Brett Bitterman’s many hats: Soldier, teacher, principal
Brett Bitterman made the rounds before he became principal at Oro Grande Elementary School.
He had some false starts right out of high school and dropped out of college. But he buckled down just the same and joined the United States Air Force. It was a good fit. He retired after 20 years’ service. His rank was master sergeant.
After his “Now what?” moment, Bitterman returned to college. At age 40, he was one of the older students in his classes.
“There were a few (older students), but not many,” he said of his back-to-school experience. The work paid off and he earned a kinesiology degree with a math endorsement. He intended to become a teacher.
“In 2007, I subbed for a year in Boise. But I was looking for a permanent teaching job. I had offers from Bullhead City and Lake Havasu City. We chose Havasu,” he said.
The “we” he mentioned is Bitterman and his wife, Lindsay. Both were school teachers and presented themselves as a package deal to prospective employers.
In Havasu, they signed on as middle school math teachers at Daytona Middle School.
Then a bomb fell.
“The district closed Daytona two months after we were hired,” Bitterman said of the 2008 decision.
The Bittermans were transferred to Thunderbolt Middle School where they got down to the business of teaching. Bitterman also coached basketball at the school.
“I wanted more. So I got my master’s degree in administration from ASU,” he said.
He has been principal at Oro Grande for three years. The school has 342 students and a staff of 30, 16 of which are teachers.
The school uses a classical education approach for grades K-2. The classical model is being expanded to include grades 4, 5 and 6 for the 2019-2020 school year. A classical education involves a pattern of learning that is language-focused. The liberal arts curriculum is centered on math, science, history and language arts, followed by music, art and foreign languages. Moral character and civic virtues are also heavily emphasized.
Bitterman touts the success of the classical method.
“Parents are happy with the results they see in their children,” he said.
Family: Wife Lindsay, two young sons, two grown children and four grandchildren.
Hometown: I was born in Sand Point, Idaho but grew up in Libby, Montana. It had a population of 5,000, but it is less now.
Hobbies: Chasing my boys around is my best hobby. One is four years old, and the other one is 16 months. I also play golf. My wife has taken it up, so we play together.
What was your best surprise?
Finding out I was going to be a dad.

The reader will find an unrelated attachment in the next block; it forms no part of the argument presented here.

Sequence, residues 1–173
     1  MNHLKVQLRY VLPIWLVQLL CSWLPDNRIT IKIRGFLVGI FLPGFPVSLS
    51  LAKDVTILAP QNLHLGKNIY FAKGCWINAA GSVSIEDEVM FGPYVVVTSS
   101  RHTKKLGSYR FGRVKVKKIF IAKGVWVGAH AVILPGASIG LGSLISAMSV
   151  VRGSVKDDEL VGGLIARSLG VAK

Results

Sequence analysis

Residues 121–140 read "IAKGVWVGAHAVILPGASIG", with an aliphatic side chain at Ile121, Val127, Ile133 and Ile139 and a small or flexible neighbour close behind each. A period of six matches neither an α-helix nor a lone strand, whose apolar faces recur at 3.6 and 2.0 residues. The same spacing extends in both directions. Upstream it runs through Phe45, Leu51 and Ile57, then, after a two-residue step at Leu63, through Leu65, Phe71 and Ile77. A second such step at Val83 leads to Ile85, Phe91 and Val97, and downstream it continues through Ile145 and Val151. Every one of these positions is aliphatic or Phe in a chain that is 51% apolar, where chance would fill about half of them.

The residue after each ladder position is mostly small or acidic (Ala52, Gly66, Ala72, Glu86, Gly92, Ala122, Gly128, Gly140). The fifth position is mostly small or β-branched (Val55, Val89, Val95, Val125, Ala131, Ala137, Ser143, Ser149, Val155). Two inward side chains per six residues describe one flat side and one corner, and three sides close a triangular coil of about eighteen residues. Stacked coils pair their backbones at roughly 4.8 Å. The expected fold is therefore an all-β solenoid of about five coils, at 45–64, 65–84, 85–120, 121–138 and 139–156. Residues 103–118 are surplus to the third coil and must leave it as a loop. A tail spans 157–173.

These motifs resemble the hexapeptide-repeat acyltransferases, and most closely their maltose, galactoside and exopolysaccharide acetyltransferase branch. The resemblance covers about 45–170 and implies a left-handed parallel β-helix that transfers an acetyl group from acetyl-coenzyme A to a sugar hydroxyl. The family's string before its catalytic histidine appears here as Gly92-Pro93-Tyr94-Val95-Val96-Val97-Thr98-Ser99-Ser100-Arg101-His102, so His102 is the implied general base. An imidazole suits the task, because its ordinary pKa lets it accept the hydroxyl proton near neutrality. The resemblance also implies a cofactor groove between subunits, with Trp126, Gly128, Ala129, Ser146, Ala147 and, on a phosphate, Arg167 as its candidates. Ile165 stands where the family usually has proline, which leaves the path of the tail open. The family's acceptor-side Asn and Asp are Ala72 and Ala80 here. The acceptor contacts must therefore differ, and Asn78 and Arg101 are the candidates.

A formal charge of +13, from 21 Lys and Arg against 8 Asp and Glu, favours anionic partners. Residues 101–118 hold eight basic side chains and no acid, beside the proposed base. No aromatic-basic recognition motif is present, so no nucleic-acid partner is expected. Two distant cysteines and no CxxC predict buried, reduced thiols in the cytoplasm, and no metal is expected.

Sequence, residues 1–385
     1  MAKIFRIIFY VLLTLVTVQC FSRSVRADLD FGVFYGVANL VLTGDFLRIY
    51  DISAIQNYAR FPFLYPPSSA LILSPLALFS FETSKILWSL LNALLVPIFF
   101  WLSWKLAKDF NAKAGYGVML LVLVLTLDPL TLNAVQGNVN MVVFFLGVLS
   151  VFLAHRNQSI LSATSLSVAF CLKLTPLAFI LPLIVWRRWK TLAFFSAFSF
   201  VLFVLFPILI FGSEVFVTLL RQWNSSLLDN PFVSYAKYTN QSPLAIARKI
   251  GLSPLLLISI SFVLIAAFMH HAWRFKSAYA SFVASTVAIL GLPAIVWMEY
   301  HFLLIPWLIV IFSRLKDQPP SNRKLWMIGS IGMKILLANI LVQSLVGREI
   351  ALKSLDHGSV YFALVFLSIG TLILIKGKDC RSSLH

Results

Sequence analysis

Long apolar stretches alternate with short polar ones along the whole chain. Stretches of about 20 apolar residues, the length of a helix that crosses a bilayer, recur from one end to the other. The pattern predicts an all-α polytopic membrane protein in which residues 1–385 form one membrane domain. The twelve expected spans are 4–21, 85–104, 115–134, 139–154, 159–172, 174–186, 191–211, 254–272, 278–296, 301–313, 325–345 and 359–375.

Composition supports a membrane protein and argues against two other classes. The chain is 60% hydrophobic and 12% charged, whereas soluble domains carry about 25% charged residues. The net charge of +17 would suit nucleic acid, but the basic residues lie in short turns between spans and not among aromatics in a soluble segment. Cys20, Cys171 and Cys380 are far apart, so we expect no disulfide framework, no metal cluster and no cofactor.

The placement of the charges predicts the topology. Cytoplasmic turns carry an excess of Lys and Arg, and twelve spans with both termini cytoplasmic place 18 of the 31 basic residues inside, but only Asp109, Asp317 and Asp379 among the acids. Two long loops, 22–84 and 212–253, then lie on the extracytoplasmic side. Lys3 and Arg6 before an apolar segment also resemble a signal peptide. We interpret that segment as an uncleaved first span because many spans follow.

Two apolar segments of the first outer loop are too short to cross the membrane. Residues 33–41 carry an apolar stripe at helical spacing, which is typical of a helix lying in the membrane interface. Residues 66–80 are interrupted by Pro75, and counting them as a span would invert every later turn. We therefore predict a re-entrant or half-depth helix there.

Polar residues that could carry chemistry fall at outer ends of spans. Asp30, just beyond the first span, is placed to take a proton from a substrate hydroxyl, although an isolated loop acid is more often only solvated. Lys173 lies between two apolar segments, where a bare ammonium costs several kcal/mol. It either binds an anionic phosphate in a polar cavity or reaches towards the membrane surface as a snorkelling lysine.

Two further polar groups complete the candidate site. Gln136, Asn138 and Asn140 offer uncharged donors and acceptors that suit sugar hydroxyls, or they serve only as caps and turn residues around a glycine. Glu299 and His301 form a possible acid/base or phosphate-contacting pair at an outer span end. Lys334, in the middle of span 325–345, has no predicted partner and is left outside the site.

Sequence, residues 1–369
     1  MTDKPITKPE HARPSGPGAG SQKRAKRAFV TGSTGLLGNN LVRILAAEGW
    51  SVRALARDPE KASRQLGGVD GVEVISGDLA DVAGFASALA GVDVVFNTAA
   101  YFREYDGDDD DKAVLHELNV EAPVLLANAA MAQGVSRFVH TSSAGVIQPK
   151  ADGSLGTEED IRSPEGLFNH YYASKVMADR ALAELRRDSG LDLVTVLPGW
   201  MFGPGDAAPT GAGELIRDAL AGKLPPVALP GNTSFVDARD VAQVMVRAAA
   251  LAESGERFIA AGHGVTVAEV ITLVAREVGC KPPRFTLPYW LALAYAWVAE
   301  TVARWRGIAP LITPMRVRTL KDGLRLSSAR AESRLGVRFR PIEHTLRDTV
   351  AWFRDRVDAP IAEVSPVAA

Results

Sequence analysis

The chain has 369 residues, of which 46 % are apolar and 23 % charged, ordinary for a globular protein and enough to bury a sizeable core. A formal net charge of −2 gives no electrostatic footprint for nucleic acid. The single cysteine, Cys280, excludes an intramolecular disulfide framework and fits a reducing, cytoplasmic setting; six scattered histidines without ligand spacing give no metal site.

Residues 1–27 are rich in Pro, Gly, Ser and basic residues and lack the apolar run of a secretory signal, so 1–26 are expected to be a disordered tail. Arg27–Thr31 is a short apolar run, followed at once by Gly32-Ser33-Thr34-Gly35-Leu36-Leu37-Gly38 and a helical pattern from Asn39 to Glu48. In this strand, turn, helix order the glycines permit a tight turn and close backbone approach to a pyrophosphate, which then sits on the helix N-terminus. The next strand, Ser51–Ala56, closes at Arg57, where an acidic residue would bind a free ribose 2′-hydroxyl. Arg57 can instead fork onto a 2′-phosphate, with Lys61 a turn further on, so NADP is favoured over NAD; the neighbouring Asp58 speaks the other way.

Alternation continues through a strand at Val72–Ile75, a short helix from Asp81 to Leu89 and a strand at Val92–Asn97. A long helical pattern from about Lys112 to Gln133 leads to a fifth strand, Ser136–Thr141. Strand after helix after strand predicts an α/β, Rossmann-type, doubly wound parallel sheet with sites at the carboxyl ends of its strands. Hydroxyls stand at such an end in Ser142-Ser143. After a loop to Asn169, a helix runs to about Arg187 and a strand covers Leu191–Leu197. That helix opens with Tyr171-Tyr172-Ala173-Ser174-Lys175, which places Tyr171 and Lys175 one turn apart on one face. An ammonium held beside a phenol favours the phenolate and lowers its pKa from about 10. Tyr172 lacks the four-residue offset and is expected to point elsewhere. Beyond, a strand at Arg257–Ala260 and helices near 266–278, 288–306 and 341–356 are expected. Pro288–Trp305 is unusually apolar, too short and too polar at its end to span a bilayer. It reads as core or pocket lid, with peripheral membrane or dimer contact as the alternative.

What’s your favorite way to unwind?
I used to just go outside and shoot baskets. Now I like to sit on the back porch and watch my kiddos run around.
What’s one goal you still hope to achieve?
Professionally, I am happy where I am. But personally, my goal is show my family a happy life.
What’s your all-time favorite movie?
Any of the Mission: Impossibles. Lots of action.
We like the food shows – “Top Chef,” “Hell’s Kitchen.” I also really like “Manifest.”
What’s the best thing you’ve bought in the last six months?
A ball pit with a maze of tunnels for the kids. It has a pop-up tent. The whole thing fits in the house and they will play in it for an hour at a time.
What’s your most recent splurge?
We stayed at the Bellagio (in Las Vegas) for one night. We don’t do that kind of thing too often.
If you could have an extraordinary talent or skill, what would you choose?
Singer. I’d like to be a stage performer. But ten years ago, I would’ve said basketball player.
If you could change lives with anyone for a day, who would you like to be?
What’s the luckiest thing that ever happened to you?
Besides my wife – and that’s a sheer act of God right there – it would have to be that 12 years ago, I won Final Four tickets for Indianapolis.
If you weren’t in your present career, what would you like to be?
A golf pro. I think that would be pretty good.
What’s your ideal vacation?
On a beach. We like Carlsbad. I love old towns where you can just walk around and see interesting things.
What’s the craziest, most impulsive thing you’ve ever done that you can talk about?
I went to college for three days at Eastern Washington, then left. Three days! I missed home and was not prepared for college at all.
What song makes you want to dance?
Anything with a good beat. We are a singing, dancing family.
What song do you like to sing along to?
Elvis Presley songs like “Fools Rush In.” I sing that one to my son. I also like Bon Jovi songs.
What song makes you nostalgic?
”The Best of Times” by Styx.
What’s something most people would be surprised to learn about you?
I passed on a half scholarship at the University of Pacific in Oregon. I was an all-state football player. I was not ready to leave our town. It was small, but I wasn’t ready to go.
What was one of your early jobs?
I worked at a paper mill, pulling plywood off a conveyor belt. I was 18. It was hard, dirty work. I got laid off and never went back.
What was your worst job?
I worked at a place called Sonny’s making tacos. There was nothing exciting about it – no challenge. I wasn’t there long. I already had a paper route. I wanted more money, so I took the job at Sonny’s. It was a mistake.
What food can’t you live without?
What are your treasures?
It’s really more of a keepsake. I have my dad’s high school graduation ring.
Favorite pair of shoes?
Eccos at work and slippers at home.
What do you collect?
We are the opposite of collectors. We are constantly decluttering. So many toys! But I collected baseball cards when I was young.
What item do you buy in bulk?
Paper towels, toilet paper, diapers and wipes.
What’s your coffee shop order?
Carmel latte. At Starbucks, it’s Carmel Macchiato.
Is there a store you visit often?
Safeway. We go there once a week for sure, and sometimes twice. They know my kids and are so nice to us.